2) optimizes channel use for different subservices;

3) restricts subservices on the basis of need.

Optimization means that there is probably low resource left in the system for sudden load surge if some nodes are going out of service―result of node outage problem. Therefore, node outage problem in BNS has to be addressed.

3. Analysis of System Dependability

Node outage problem is a well-known MANET problem. It is defined as a situation that occurs when a node stops its function. In the case where a cluster leader stops functioning, the sensor network protocols should be robust enough to mitigate the effects of node outage by providing an alternate route [12] .

There are many ways to calculate MANET reliability, in this report terminal-pair method perfected by M. Ahmad and D. K. Mishra is used in order to describe reliability change in BNS. Terminal-pair reliability is defined as the probability of successful communication between any two selected terminals. BNS could be imagined as a sequence of a number of NLNs, where NLN is node- link-node connection. Those nodes in NLN have some independent working/operational probability [2] . In NATO countries, unit or set of fighting platforms is considered to be destroyed (defeated) if that unit has suffered more than 30% of losses. Let us assume that if military unit is destroyed, so is node corresponding to that unit. Destroyed unit would be removed from a battle for re-staging. Therefore, if we are considering only reason for node to stop working a damage during a battle, node operational working probability (Pn) is greater than.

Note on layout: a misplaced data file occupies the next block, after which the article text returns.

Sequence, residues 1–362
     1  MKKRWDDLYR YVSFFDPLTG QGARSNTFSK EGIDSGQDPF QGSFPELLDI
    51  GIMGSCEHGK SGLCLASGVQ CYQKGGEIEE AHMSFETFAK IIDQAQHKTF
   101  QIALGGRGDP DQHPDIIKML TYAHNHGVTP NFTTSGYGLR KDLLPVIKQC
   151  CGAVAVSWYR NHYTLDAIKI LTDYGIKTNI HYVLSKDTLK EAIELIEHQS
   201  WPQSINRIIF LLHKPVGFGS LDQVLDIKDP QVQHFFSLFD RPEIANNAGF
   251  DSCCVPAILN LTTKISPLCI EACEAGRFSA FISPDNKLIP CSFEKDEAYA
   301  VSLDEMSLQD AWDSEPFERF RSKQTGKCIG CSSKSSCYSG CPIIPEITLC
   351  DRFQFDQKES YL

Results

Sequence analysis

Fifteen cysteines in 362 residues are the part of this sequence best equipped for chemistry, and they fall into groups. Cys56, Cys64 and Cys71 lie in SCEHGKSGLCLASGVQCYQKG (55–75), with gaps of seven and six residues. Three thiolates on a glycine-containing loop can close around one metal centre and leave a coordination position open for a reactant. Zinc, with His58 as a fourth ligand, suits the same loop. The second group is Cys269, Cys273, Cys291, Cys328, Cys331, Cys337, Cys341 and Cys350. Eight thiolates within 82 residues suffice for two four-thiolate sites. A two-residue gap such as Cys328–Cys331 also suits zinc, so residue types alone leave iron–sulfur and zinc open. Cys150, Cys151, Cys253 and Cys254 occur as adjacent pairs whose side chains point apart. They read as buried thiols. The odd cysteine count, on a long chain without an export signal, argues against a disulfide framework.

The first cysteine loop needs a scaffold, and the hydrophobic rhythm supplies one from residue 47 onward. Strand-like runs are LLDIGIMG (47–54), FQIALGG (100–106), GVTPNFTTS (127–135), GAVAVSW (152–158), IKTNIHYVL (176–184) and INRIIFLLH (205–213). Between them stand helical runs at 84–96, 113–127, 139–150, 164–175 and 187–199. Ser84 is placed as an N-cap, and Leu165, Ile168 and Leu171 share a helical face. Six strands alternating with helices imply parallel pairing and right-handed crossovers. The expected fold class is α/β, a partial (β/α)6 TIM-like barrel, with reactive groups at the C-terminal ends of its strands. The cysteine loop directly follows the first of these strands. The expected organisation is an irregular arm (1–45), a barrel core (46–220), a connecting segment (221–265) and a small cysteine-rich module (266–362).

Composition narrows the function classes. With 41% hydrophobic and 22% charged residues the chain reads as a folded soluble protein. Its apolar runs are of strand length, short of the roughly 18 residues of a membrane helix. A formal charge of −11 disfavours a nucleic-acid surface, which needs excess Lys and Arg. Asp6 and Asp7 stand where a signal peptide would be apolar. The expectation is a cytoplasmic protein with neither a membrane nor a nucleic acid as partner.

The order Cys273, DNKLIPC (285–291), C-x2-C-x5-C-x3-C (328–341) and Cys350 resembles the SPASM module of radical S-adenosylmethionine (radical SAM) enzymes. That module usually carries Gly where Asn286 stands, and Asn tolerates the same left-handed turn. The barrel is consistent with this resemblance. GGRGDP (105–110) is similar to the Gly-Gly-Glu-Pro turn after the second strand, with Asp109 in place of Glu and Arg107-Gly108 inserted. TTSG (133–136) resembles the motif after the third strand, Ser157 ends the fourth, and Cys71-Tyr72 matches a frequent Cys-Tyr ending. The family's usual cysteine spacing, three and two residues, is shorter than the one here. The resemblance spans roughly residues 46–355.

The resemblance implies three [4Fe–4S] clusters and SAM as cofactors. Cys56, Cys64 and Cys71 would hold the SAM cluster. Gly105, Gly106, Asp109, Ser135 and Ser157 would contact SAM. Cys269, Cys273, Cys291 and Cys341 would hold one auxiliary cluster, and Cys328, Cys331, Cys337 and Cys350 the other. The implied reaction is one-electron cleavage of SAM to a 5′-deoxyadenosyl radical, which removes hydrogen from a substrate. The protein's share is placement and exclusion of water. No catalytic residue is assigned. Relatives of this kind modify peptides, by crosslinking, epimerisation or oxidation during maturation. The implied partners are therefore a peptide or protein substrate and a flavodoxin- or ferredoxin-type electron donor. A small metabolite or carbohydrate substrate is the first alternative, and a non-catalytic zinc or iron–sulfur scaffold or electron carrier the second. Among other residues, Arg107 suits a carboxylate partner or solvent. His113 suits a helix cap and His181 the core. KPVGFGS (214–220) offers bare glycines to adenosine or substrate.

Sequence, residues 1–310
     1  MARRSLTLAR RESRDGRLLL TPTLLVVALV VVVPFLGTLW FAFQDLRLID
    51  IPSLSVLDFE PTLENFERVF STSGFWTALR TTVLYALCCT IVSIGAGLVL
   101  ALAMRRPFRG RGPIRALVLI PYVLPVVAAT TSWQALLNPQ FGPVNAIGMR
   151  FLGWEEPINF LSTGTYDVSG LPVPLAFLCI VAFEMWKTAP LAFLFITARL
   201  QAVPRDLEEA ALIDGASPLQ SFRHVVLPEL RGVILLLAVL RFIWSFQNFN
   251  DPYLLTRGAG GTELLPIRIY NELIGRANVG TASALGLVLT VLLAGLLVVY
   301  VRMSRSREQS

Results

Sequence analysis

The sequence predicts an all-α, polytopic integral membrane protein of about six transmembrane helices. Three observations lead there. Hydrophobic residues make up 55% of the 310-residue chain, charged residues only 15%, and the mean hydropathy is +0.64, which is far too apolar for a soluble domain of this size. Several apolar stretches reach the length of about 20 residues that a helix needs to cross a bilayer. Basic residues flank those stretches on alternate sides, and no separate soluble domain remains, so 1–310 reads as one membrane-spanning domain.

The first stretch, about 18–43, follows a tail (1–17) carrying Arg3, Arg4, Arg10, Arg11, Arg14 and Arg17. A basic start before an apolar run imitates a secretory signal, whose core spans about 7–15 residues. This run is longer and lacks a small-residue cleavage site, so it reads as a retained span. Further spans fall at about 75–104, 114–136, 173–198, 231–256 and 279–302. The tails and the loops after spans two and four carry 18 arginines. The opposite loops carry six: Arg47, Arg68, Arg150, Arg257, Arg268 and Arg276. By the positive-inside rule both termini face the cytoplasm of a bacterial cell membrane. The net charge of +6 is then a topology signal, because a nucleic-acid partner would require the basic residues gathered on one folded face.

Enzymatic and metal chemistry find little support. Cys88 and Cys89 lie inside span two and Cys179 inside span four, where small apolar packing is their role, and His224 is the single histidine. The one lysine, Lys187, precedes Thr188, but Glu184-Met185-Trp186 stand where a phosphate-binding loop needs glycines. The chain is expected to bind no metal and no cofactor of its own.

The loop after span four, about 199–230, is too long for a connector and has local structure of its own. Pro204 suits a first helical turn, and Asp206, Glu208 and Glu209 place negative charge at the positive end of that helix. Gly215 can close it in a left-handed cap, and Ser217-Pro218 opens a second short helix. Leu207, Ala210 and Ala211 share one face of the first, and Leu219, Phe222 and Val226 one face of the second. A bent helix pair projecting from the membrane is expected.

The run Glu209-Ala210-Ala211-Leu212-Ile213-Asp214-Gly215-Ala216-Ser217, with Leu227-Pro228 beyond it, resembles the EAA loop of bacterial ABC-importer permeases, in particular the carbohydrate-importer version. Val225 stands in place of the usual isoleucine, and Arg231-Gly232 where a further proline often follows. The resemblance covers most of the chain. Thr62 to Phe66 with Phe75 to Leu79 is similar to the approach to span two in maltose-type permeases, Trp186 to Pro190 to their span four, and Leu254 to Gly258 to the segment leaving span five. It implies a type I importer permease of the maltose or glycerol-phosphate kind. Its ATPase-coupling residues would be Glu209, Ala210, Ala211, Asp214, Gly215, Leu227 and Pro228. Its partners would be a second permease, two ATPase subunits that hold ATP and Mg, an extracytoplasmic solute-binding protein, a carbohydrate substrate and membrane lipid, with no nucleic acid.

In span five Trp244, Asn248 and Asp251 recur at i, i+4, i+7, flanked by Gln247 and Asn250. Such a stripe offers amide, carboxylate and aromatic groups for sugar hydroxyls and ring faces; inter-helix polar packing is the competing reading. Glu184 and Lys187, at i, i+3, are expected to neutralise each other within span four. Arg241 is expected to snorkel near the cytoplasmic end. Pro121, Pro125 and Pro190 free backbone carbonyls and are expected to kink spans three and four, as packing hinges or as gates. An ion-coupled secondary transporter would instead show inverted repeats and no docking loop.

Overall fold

(1)

Link existence probability affects NLN probability, being dependent on operational status of connecting nodes. Link is operational when two nodes are in each other’s transmission range. Therefore, the probability of link existence is the probability that two nodes reside in each other’s range [2] . Probability for any possible link (Pl) is between 0 and 1.

(2)

Probability of any NLN (Pnln) is:

(3)

Pn1―operational probability of 1st node;

Pn2―operational probability of 2nd node;

Pl―probability of link existence.

Considering average probability of node being operational, in further calculations Pn ≈ 0.83.

Network comprises in total of E number of all possible sequences, where E is:

(4)

Reliability of a particular configuration (Pc) is the product of all possible individual NLN probabilities:

(5)

Lt = 1, if the link exists in the current NLN, and

Lt = 0, if link does not exist.

(6)

Previous equation represents the sum of all configuration probabilities, where e = 2E. To calculate the two-terminal reliability of the network for any two nodes, we are using:

(7)

Pi = 1, if at least a single path exists between selected two nodes;

Pi = 0, if it does not exist.